Difference Between DDA and Bresenham Line Drawing algorithm



The realm of computer graphics is an expansive one that is always undergoing development. It involves a variety of concepts and ideas, of which "drawing a line" is the most fundamental tasks involved in working with graphical media.

There are two algorithmic rules that are followed while drawing a line on the screen. They are DDA (Digital Differential Analyser) algorithmic rule and Bresenham line algorithm.

Both the DDA and Bresenham's algorithm are examples of computational procedures that can be utilised for the goal of approximating the length of a line segment.

What is DDA?

The primary purpose of a DDA in computer graphics is to draw lines, and it use real values while predicting the values of the following pixel. DDA is an abbreviation for "Digital Differential Analyzer."

Let us consider the value of the first pixel to be (X0, Y0) (X0, Y0), and the value of the pixel to be (X1, Y1) as the destination (X1, Y1).

In this article, we will learn how to compute the destination pixel values using the known pixel value (X0, Y0) (X0, Y0).

So, let's take an example and see how the pixel values of a destination point is calculated using DDA.

Step 1

Now that we have the input (X0, Y0) (X0, Y0), we need to determine if the line is perpendicular to the X-axis or the Y-axis. In order to find that, let's first calculate the difference in pixel values between the starting point and the final location.

dx = X1 - X0
dy = Y1 - Y0

Step 2

Next, start drawing the line down the X-axis. We should draw the line so that it is parallel to the Y-axis if and only if the value of "dx" is zero. This is the actual computation expressed in terms of the language used by computers.

if (absolute (dx) > absolute (dy))
   Steps = absolute (dx);
else
   Steps = absolute (dy);

Step 3

In order to draw the line, it is necessary to first determine the actual pixel values for the "x" coordinate and the "y" coordinate, respectively.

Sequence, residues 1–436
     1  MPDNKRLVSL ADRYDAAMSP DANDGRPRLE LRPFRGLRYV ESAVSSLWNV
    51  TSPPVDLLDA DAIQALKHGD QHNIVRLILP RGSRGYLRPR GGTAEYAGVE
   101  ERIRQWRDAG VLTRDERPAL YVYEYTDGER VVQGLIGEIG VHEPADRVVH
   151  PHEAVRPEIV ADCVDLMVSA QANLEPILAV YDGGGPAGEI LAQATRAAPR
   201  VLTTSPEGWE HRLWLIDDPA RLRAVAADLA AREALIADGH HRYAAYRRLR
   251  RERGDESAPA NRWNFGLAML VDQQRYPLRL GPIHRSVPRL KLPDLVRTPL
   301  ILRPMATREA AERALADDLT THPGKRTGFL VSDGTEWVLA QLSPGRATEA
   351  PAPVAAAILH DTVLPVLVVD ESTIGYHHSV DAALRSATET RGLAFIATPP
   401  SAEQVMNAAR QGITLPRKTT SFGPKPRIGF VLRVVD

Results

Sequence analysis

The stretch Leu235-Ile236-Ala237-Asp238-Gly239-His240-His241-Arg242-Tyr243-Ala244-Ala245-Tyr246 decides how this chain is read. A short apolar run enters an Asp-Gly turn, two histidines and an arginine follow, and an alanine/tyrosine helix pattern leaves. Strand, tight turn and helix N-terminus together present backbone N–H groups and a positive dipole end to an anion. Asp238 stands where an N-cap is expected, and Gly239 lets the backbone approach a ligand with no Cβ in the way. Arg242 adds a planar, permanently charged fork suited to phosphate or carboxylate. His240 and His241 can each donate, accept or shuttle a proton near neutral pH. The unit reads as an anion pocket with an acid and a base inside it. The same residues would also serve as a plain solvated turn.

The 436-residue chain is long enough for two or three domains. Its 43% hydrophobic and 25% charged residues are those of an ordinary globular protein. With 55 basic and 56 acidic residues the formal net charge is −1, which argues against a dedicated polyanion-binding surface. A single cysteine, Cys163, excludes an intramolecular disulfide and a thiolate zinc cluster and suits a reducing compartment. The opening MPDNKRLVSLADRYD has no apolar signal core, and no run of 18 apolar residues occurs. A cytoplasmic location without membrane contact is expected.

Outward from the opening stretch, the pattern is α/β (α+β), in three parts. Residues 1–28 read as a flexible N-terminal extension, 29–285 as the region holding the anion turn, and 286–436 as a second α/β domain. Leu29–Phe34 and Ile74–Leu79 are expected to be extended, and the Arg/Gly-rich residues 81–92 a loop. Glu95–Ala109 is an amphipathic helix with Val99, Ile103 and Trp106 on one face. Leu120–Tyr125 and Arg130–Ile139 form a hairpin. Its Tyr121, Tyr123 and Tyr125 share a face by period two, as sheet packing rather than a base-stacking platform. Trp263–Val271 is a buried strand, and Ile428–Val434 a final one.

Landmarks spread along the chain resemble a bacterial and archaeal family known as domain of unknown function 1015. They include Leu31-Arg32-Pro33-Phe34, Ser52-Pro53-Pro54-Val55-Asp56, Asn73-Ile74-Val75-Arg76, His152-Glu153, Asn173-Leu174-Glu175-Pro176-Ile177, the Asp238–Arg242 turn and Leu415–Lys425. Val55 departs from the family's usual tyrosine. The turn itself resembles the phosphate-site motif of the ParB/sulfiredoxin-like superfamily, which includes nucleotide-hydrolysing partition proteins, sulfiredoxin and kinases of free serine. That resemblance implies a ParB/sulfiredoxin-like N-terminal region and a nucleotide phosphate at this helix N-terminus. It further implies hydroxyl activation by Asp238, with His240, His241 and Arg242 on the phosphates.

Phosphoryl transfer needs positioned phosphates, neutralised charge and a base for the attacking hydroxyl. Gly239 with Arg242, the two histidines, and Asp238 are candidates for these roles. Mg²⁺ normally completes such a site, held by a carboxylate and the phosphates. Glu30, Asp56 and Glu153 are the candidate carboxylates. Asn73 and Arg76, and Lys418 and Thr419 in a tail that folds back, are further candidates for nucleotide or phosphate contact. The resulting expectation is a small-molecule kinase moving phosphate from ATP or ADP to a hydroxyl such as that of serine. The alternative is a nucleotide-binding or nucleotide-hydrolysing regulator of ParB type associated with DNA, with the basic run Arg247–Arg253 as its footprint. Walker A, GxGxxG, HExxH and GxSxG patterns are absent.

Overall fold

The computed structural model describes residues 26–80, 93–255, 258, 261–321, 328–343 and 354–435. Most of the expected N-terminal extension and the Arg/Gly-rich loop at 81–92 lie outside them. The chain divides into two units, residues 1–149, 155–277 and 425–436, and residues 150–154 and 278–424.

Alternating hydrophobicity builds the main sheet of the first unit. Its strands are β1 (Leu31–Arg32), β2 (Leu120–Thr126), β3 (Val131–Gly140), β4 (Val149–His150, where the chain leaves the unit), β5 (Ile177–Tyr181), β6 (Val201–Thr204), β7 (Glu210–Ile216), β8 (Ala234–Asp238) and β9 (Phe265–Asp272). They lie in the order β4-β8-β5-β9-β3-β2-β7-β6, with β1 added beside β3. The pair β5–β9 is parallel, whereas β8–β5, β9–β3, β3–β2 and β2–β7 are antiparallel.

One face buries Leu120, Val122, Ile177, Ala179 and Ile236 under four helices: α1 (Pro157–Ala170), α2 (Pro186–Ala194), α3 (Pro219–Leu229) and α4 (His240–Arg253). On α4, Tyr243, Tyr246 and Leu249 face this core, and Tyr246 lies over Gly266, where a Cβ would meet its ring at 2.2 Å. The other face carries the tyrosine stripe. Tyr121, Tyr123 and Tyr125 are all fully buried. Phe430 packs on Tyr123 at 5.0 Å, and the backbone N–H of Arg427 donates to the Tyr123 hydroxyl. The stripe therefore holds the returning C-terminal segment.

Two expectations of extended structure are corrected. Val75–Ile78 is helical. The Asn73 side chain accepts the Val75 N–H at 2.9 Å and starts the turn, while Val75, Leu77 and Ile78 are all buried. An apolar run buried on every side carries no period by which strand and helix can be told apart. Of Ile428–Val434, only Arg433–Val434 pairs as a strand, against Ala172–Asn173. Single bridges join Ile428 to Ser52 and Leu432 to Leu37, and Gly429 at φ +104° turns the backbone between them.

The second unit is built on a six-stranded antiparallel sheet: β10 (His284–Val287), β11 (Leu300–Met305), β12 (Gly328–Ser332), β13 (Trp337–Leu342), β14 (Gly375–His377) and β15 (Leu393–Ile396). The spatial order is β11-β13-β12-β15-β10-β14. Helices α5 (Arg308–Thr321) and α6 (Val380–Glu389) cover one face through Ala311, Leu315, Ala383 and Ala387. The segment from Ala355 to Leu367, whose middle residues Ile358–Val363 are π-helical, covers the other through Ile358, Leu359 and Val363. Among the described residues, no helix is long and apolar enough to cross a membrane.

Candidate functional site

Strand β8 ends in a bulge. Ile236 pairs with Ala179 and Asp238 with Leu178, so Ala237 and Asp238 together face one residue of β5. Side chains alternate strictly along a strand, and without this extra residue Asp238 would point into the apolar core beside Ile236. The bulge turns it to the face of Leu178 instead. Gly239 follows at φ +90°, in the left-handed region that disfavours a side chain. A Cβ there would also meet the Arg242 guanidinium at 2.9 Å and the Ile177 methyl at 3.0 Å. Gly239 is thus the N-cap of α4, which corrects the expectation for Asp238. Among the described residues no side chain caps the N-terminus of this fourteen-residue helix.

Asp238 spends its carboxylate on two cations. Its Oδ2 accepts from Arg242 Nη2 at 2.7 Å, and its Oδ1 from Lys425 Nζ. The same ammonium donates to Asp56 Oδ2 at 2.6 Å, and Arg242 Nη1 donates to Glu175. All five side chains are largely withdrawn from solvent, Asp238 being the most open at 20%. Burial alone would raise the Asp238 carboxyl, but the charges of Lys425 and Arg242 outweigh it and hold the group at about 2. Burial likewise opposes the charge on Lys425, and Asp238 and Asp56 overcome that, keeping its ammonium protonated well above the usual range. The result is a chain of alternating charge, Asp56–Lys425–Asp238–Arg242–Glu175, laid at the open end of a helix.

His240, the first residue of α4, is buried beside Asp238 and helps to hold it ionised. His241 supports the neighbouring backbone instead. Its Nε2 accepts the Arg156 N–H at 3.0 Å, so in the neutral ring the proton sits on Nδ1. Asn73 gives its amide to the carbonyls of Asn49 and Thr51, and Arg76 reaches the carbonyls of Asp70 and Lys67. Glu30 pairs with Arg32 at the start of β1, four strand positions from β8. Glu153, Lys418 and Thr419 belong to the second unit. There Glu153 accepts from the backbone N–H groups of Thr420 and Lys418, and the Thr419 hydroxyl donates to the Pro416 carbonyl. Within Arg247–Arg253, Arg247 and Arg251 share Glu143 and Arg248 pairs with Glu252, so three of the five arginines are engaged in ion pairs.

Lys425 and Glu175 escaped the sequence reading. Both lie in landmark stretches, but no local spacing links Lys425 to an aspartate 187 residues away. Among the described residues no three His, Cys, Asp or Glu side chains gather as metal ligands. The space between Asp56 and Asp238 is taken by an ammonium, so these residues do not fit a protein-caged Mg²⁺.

X increment = dx / (float) steps;
Y increment = dy / (float) steps;

Step 4

This is something that needs to be computed till we get to the goal pixel. During the computation, the DDA method will round the pixel value down to the nearest integer value. The sample of the code that we have been discussing can be found here.

for (int v=0; v < Steps; v++) {
   x = x + X increment;
   y = y + Y increment;
   putpixel (Round(x), Round(y));
}


What is Bresenham’s Algorithm?

In the field of computer graphics, the algorithm developed by Bresenham is among the earliest approaches that were developed to estimate line segments. It is used to define various places via which a straight line can be approximated drawn. The line can then be formed from those points. The vast majority of people use it to make straightforward geometric forms in bitmap graphics.

In contrast to DDA's usage of multiplication and division in its calculating process, Bresenham's method relies just on addition and subtraction to complete its tasks. This indicates that it makes use of simple computations, which results in the saving of time and demonstrates increased efficiency. In addition to this, it is extremely precise and accurate, making it one of the best methods for computing values. It enables optimization and is also quite inexpensive in comparison to other options.